Dealing With Back to School Anxiety

There's always an increase in anxiety and anger management concerns at the start of the school year.

The ease of summer makes way, once again, for the stress, structure, and high expectations of the school year. And no matter the age of your child, the transition back to school can be difficult. So, how can you help your child prepare for and manage the stress?

Step #1: Start preparing them at least a month ahead.

Walk through the upcoming start of the school year, and talk through any concerns that they have. If possible for your younger children, or children who will be transitioning to middle or high school, walk through the school with them and explore potential scenarios to deal with - like opening their locker for the first time, where to find the front office or counselor's office, and how to deal with strict teachers.

Step #2: Review what went well last year.

What successes did your child experience last school year? Any exceptional grades, or projects that were very well received? It helps to take a minute to discuss positive experiences from the previous year, to help your child start to think about what good can come out of this upcoming year.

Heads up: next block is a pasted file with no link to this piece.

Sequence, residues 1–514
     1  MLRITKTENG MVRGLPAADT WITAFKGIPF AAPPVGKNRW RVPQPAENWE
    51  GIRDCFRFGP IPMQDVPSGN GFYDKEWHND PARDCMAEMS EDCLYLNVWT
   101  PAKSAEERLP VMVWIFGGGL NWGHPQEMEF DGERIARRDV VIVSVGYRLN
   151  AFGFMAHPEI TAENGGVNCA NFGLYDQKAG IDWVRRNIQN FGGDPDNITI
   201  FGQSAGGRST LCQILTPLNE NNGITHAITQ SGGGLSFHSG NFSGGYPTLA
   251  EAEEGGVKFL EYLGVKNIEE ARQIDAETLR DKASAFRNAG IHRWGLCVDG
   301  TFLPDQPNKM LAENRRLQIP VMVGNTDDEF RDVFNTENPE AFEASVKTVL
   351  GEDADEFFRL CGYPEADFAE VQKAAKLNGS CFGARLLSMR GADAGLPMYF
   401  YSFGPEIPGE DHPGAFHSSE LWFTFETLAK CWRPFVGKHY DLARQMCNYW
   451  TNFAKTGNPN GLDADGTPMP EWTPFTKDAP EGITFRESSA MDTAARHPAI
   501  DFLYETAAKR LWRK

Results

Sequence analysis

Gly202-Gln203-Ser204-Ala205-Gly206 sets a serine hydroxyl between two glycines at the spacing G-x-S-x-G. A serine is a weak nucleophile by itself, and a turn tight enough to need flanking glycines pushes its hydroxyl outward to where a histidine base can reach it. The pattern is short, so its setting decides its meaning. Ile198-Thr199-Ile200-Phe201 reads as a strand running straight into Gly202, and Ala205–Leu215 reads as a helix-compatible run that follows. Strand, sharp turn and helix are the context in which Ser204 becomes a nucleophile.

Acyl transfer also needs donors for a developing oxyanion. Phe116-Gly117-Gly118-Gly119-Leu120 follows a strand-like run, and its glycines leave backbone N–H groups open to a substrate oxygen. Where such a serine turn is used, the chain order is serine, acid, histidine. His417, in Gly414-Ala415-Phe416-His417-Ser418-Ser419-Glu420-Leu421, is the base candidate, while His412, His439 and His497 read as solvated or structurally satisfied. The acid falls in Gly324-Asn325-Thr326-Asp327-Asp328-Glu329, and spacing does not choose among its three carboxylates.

Step #3: Problem solve.

Children that are prone to anxiety are often able to come up with hundreds of potential stressful scenarios, as their brains work on hyper-drive in an effort to protect themselves. Give them the space to dialogue with you on their concerns, and recognize that more may come up every day. A calm reassurance, along with helping them come up with solutions to these potential problems, goes a long way. Make sure you guide them to come up with some solutions on their own, instead of just charging ahead and telling them what they could do.

Step #4: Identify the helpers at school.

You may even arrange a meeting with the principal, school counselor or social worker, or classroom teacher before the start of the year. Many schools have preparation days for their staff the week before school starts. You can coordinate with the school administrators to help ease some of your child's fears through making the unknown LESS unknown. 

If you're curious about counseling as a next step to manage anxious or angry behaviors, contact Kelsey at compassionatecounselingstl@gmail.com to schedule a free 15 minute phonecall and talk about next steps. Kelsey works in St. Louis, MO and helps families in Webster Groves, Kirkwood, Brentwood, and Maplewood.